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HEALTH CARE REFORM LEGISLATIVE OPTIONS

Addressing these barriers requires a multi-pronged strategy that relies on better knowledge, tools, and incentives. For each of these strategies, our recommendations are aimed at providers, family caregivers, and patients—who can play a critical role in managing their own care. Key recommendations for improving coordination of care for people with chronic disease include:

• More testing of care delivery models (for example, medical homes and accountable care organizations) to find out what works.
• Rapid adoption of those models that work. Models that provide care during transitions between hospitals and other settings have proven to improve care, reduce rehospitalizations, and show a positive return on their cost, and should be adopted.
• Incorporating best practices into clinical preparation and training for providers.
• Engaging patients with chronic conditions who are able to participate in their care, providing them with tools to empower their conditions.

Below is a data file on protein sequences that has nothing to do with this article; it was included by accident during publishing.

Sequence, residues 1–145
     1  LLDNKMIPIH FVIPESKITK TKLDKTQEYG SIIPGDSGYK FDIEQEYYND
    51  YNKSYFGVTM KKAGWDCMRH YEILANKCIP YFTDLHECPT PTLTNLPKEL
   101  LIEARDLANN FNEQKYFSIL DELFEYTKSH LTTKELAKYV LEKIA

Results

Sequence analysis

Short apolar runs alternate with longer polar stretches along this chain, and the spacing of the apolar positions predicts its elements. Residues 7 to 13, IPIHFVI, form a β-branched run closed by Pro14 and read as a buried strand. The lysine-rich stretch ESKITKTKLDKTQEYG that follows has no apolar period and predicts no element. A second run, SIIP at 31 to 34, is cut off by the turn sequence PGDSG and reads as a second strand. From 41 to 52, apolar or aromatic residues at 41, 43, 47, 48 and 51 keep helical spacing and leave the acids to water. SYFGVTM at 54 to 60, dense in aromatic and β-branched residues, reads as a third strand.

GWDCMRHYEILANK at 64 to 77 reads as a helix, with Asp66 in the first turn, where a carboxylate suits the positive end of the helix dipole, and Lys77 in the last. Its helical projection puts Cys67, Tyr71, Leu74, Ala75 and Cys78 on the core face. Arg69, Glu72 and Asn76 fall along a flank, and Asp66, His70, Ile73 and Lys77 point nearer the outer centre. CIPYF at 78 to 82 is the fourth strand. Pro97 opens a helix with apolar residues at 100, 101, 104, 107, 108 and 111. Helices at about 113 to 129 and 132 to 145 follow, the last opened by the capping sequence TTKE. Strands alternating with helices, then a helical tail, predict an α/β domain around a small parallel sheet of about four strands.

• Supporting and engaging family caregivers.
• Encouraging wise use of pharmaceuticals, including making medication more affordable.
• Improving coordination of care through adoption of health information technology and improving incentives through changes in payment policy.
• Ensuring an adequate workforce, including making the most of the workforce we have.

AARP commends the committee for recognizing the necessity of improving quality and efficiency in health care, focusing on outcomes of care, and addressing the challenge of quality improvement by integrating quality improvement and patient safety training into the clinical training of health professionals. Quality and safety problems in the U.S. pervade our health care system. We are gratified to see the growing determination of all sectors to attain greater value from the health system so that organizations deliver high quality, efficient, safe care and engaged patients make informed health decisions that reflect their values and preferences. We are convinced that better quality will lead to a more affordable, sustainable system. To accomplish this, we need better information to support clinical and patient decisions, enabled by the appropriate use of health information technology; and aligned incentives (for providers and patients) to encourage coordinated, patient-centered care that ensures patients the care they need when they need it.

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